U.S.-Vietnam relations have been flourishing recently, due to a number of reasons — not the least of which have been their willingness to help the United States find and return the fallen brothers and sisters in arms from the Vietnam War. There are currently 1,601 Americans missing from the war in southeast Asia — many in Vietnam, and many in neighboring countries.

Secretary of Defense Jim Mattis made sure to compliment the Vietnam government in their support of the Defense Prisoner of War/Missing in Action Accounting Agency as they work out of Hanoi. He encouraged Vietnamese efforts in teaming up with American forces to continue to rebuild since the war. Pentagon chief spokesperson Dana W. White said that Mattis’ visit was the sixth such visit to Vietnam by a U.S. Defense Secretary.

Defense Secretary James N. Mattis visits the U.S. Embassy in Hanoi, Vietnam, Jan. 25, 2018 | DoD photo by Army Sgt. Amber I. Smith

 

President Trump addressed Vietnam’s willingness to help find the POW/MIA from the Vietnam War, when he traveled there last December. He said,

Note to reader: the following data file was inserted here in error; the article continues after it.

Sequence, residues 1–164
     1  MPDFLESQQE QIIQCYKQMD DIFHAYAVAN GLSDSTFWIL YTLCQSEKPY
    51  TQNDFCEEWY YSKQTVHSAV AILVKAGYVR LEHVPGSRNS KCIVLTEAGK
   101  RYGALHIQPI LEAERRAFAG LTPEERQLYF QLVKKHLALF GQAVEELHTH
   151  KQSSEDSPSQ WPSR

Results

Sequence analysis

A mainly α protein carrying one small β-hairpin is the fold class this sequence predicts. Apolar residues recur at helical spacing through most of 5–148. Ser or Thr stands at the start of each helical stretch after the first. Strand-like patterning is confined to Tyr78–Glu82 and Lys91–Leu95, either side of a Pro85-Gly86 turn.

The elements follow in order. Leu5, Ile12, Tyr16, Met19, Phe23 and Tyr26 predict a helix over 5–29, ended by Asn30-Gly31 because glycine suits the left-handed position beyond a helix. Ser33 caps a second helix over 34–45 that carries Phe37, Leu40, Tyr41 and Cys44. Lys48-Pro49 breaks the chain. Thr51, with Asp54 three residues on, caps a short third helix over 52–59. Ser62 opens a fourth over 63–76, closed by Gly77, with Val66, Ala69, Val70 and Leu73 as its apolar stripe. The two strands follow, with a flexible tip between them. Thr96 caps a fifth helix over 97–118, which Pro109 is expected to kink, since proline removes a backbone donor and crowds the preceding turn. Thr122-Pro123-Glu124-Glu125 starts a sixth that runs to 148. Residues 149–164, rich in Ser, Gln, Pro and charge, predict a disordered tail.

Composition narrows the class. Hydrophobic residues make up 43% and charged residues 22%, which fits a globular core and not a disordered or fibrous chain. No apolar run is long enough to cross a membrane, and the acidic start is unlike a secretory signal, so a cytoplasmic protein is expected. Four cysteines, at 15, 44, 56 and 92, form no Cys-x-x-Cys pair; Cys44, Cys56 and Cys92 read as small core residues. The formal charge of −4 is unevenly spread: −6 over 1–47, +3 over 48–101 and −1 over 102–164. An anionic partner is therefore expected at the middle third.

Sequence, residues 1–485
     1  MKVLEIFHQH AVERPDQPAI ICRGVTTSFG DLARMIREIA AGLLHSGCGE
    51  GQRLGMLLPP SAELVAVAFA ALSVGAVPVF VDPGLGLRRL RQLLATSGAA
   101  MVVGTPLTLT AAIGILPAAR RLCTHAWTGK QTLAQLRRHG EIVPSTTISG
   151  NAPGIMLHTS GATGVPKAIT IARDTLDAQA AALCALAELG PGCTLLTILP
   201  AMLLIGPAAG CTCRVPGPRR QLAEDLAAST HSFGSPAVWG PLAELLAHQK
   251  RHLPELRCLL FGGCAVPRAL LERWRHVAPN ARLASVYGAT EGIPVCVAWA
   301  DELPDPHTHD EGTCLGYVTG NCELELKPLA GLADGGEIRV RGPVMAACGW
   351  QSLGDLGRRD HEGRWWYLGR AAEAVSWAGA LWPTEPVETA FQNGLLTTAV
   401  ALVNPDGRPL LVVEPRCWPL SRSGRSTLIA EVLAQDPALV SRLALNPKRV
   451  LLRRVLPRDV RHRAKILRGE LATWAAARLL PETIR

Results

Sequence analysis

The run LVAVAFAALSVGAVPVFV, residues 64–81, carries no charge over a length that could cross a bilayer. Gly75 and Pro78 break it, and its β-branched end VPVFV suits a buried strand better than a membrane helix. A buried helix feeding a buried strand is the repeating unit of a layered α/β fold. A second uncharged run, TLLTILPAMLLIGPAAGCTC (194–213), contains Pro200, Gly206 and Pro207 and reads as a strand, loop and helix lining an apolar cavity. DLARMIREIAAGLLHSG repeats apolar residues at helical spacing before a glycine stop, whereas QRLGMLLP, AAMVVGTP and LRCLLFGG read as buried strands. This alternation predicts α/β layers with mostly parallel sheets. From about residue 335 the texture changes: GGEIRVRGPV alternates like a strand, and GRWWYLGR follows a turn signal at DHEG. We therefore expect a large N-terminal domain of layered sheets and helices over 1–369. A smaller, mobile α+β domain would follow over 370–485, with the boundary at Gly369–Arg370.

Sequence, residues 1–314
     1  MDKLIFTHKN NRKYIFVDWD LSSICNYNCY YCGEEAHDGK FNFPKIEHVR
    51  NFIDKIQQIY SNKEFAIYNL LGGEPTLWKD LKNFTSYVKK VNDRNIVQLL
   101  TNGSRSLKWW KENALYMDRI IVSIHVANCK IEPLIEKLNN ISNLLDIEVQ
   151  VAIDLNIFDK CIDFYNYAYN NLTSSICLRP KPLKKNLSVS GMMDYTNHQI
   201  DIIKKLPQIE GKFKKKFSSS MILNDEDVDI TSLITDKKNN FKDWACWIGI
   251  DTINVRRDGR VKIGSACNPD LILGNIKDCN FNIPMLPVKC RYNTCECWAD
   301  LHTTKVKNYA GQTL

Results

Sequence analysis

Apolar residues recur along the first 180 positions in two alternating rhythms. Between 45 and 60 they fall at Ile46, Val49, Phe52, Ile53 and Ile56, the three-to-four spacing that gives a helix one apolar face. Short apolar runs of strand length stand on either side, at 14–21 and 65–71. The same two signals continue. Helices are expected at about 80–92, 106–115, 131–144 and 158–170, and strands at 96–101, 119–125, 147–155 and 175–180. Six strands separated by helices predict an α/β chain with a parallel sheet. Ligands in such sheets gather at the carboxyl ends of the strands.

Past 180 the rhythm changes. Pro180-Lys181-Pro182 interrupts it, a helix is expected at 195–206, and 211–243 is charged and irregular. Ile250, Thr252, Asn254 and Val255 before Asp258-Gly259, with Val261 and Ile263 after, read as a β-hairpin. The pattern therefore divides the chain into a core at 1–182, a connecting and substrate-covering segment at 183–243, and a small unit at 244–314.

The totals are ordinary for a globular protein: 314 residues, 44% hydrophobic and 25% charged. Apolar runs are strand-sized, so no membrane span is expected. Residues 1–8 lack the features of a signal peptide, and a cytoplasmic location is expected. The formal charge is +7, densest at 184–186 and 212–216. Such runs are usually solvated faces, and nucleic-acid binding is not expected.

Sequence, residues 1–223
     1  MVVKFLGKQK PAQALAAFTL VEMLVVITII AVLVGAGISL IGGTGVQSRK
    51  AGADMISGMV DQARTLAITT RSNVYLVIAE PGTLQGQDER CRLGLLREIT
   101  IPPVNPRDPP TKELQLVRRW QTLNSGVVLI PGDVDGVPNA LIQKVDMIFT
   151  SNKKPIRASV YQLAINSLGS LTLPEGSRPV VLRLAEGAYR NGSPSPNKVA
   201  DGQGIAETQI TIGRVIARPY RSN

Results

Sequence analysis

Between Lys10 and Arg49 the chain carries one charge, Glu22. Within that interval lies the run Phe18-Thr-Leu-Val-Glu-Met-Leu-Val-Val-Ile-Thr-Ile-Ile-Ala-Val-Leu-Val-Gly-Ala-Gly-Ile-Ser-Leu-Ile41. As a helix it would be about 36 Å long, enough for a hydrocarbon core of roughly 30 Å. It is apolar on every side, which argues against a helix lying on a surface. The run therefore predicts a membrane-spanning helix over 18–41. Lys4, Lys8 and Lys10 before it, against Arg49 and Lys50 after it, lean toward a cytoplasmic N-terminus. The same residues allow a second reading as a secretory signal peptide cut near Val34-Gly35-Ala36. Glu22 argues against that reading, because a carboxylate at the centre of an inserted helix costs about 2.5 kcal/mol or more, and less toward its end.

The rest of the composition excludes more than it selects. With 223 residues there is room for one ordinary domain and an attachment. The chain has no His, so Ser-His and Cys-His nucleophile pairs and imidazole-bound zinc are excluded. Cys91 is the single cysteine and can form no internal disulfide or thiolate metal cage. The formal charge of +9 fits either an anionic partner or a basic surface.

Our accountability efforts in Vietnam are very, very important to all of us. We will not rest until all of the missing veterans are returned home. I want to thank the government of Vietnam for (its) assistance in our efforts.”

However, that is not all that Mattis has done in talks with the Vietnamese government. They have continued to support the U.S. and the U.N. in their sanctions against North Korea, despite the significant loss in trade it has cost them. To that effect, Mattis said, “They have been supporting the United Nations sanctions at some cost to them … so we appreciate the leadership on that leading by example and stepping up.”

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They also talked “regional security issues,” according to a press release by the DOD and White, particularly involving maritime security around southeast Asia as well as peacekeeping and relief efforts when necessary.

Vietnam has been planning on sending a medical unit to South Sudan later this year. Sources tell SOFREP that an entire generation of refugees in South Sudan has been reliant on relief efforts and food, due to the extremely volatile and complex nature of the situation there. Mattis promised to bolster Vietnam’s aid efforts to the country.

Mattis’ trip took him to Indonesia (where he witnessed a quite the spectacle), as well as to see South Korean Defense Minister Song Young-moo and the commander of U.S. Pacific Command, both in Hawaii.

 

Featured image: Defense Secretary James N. Mattis arrives in Hanoi, Vietnam, Jan. 24, 2018. DoD photo by Army Sgt. Amber I. Smith.